Reflection on Digital Universities UK - 2023 conference

Posted on: 27 April 2023 by Rob Lindsay in Conference & Event Reports

(Digital Universities UK - #THEdigitalUK)

It was during ‘Metaverse and collaboration: Art of the Possible’ at Digital Universities UK conference last week that I found the chance for some solitary reflection. Guide and curator Layla Bloom (University of Leeds) had concluded an insightful tour of the Leeds special collections, facilitated within a quirky digital gallery space, and in which I was still exploring.

The session represented much that is good in the metaverse. It was engaging, interactive and immersive. Content was rich and accessible, and the digital artefacts were moveable. What’s not to enjoy? The session had overcome tech issues, repeated headset adjustments and failed log-ins, all too common with this technology. Yet we had come away from the digital gallery enthused.

This experience, at times enjoyably chaotic, invoked a sense of fun and belonging in a way that few other sessions matched during my visit to Leeds. However, it was also first-hand experience of the continually slow progression of a technology that hasn’t found its footing in higher education. That the metaverse is accelerating digital higher education, at least for the masses, seems unlikely. Scalability remains an issue. VR is still inaccessible in many areas of cost, development and integration, and classroom application is few and far between.

A distant cry then from the AI force majeure that was inevitably present in much of the rest of proceedings. Overreaching, developments in this area drew formal and informal conversations of assessment, ethics and application. It was fantastic to hear directly from Wei Li, (Intel vice-president and general manager of artificial intelligence and analytics) who drove home the message that AI is everywhere. Where it isn’t, it will be. And it was promising to see a key slide referencing responsible AI systems as incorporating fairness, transparency, privacy, security and sustainability.

Digital Universities was a well-run event and the agenda catered to a diverse group of attendees from education, industry, and business. With presentations, panels, roundtables, and workshops around themes including digital transformation, strategy, innovation, analytics, and online learning, I came away as motivated as one does from an engaging, inviting open forum of experts. Unlimited coffee and the odd pastry never hinder that, of course.

Further highlights included Lynn Evans’ (Strategic director, University of Liverpool Online) participation in not one but two thought-provoking, back -to-back sessions around online learning. First up was an insightful conversation outlining how to effectively measure and support quality online degrees. This is very much at the forefront of relevance with the University’s excellent news of the Management School’s online MBA ranked in the top 10 by the Financial Times. Seeking questions were posed and competently answered concerning comparative wholly-online and on-campus/blended offerings, a division in the digital and “real-world” identities of universities, and how to ensure a consistent student experience no matter the point of contact.

Following this was a panel discussion exploring the sector’s capacity and readiness for growing demand in online education. A key takeaway here; purpose, motivation and strategy are intrinsic to the success of online provision. This was articulated inspiringly by the engaging panellist Rajay Naik, (CEO, Skilled Education).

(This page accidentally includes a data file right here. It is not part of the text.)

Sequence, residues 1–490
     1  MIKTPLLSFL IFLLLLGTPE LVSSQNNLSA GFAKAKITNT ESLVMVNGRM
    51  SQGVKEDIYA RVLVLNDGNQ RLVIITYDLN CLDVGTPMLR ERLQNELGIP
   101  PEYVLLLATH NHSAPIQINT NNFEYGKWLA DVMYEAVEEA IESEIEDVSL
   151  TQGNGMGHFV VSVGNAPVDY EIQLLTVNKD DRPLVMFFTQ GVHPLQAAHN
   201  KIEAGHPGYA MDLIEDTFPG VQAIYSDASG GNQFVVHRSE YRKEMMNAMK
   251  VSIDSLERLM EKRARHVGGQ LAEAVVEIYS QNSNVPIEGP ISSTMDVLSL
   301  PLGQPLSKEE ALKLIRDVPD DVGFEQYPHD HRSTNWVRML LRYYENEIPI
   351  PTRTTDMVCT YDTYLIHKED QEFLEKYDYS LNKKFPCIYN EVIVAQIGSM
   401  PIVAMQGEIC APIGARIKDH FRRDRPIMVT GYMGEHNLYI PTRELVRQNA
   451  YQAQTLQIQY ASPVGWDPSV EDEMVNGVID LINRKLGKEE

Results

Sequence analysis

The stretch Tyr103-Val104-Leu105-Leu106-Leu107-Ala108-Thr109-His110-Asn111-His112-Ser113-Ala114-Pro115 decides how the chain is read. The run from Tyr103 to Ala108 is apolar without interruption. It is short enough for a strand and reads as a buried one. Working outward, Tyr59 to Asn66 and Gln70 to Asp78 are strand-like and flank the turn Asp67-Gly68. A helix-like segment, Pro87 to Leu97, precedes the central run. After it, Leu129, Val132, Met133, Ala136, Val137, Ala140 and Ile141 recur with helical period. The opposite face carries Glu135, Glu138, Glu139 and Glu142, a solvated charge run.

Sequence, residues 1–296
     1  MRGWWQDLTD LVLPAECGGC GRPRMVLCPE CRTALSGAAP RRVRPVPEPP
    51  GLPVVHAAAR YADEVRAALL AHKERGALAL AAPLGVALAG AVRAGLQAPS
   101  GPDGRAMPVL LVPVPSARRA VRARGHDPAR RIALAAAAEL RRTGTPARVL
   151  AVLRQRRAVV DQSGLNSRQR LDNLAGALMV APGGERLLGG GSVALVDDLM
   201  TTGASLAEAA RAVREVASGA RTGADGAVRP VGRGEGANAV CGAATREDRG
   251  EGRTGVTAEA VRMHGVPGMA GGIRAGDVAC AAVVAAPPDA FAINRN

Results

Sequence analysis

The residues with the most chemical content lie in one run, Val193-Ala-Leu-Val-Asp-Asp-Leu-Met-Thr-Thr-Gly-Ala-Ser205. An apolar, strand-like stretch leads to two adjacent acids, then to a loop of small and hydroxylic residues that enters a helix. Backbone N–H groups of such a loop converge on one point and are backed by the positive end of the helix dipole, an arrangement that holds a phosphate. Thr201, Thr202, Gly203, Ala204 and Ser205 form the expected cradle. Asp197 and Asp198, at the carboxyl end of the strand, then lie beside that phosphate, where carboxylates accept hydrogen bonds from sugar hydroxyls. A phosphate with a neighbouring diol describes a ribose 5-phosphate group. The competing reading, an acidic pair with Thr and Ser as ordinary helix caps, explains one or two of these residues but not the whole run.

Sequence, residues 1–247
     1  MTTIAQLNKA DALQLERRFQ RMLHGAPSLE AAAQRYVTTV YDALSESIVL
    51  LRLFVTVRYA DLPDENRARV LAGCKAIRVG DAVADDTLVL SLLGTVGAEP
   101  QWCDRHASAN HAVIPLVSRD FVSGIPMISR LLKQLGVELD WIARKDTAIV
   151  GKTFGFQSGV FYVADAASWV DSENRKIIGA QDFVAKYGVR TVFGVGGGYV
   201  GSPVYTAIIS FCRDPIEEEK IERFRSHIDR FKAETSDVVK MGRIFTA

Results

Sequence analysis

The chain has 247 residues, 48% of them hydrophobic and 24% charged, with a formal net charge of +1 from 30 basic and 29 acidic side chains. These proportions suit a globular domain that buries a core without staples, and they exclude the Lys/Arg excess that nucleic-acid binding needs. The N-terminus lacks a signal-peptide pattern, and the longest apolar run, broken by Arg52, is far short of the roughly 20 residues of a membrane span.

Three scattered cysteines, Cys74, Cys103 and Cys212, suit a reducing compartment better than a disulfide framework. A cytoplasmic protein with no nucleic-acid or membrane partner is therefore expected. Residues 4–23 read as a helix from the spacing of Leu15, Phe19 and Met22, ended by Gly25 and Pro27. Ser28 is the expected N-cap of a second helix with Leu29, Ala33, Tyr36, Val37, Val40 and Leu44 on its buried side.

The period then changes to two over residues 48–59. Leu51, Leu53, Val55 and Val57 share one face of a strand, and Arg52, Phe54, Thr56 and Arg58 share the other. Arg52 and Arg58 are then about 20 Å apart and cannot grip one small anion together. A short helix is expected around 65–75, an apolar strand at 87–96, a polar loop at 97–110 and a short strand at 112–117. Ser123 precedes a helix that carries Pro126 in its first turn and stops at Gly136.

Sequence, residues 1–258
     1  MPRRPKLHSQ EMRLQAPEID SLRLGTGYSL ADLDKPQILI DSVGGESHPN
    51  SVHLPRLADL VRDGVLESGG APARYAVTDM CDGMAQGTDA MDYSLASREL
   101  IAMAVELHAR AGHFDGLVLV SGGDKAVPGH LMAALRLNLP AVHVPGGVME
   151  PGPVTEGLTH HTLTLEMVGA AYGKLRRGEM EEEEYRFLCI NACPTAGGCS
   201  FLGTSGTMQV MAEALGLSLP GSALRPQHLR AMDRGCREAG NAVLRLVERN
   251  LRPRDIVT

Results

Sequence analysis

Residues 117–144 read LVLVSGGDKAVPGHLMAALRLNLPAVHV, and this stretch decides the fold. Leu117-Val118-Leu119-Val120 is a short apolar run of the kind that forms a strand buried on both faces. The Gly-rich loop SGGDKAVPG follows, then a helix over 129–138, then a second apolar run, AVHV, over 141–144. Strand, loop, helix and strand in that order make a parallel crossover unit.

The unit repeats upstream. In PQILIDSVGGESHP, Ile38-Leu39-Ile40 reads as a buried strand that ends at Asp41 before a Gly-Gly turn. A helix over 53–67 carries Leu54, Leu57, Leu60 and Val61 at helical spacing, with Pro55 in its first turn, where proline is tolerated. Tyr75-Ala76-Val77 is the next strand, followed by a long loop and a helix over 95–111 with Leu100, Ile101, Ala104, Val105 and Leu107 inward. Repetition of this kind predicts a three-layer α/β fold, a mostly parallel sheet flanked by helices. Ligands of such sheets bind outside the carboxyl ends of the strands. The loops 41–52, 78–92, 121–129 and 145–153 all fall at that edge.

Elsewhere, Andrew Borland (Commercialisation manager, Virtual Engineering Centre, University of Liverpool) presented the VEC’s excellent work at the forefront of industrial digital transformation and knowledge. There was an outline of their comprehensive strategic framework covering areas including teaching and employment, research and civic mission. Seeing the potential for data and research collaboration within a massive, beautiful imaging of the Liverpool city region was a glimpse into the future of technological brilliance. A later panel discussion included insights from Scott Farrow, former colleague at CIE and Head of Digital Learning at Edge Hill University, who shared valuable perspectives on how to ensure an open, inclusive, and equitable programme design process that accommodates diverse student representation.

All in all, that’s not to say this event was without scope for improvement and certainly so from an inclusive perspective. For starters, campus signage to the event was poor. Arrival information on the app talked of where to park with no hint of public transport information or routes for walking. I and others semi-reluctantly endured laps of a sunny University of Leeds campus before finding our destination. A start time on the first full day of 8:50am was ridiculous, especially so for anyone travelling from further afield than Chapel Allerton. To catch former CIE director Simon Thomson (Director of flexible learning, University of Manchester) discuss how to enhance digital learning experiences, you’d need to have been in a seat by 8:15am. Not likely with one well-known train operator’s seeming pleasure at cancelling random trains at will.

Navigating frequently between the impressive Esther Simpson building and breakout space of the Refectory felt unnecessary, and for some debilitating. And the position of some of the audience behind speakers for panel sessions in room 1.01 led to a ‘talking-back-of-the-head’ view, with little chance to see facial expression or non-verbal cues. But these are solvable issues and did little to dampen what was a positive, collaborative environment.

As the immersive arts session drew to a close, one audience member asked what the gallery was built in.

“1970”, a confident Layla replied.

“Sorry, I meant, like, Unity?”

A warm moment as the physical met digital. We’re not all stuck in the metaverse just yet.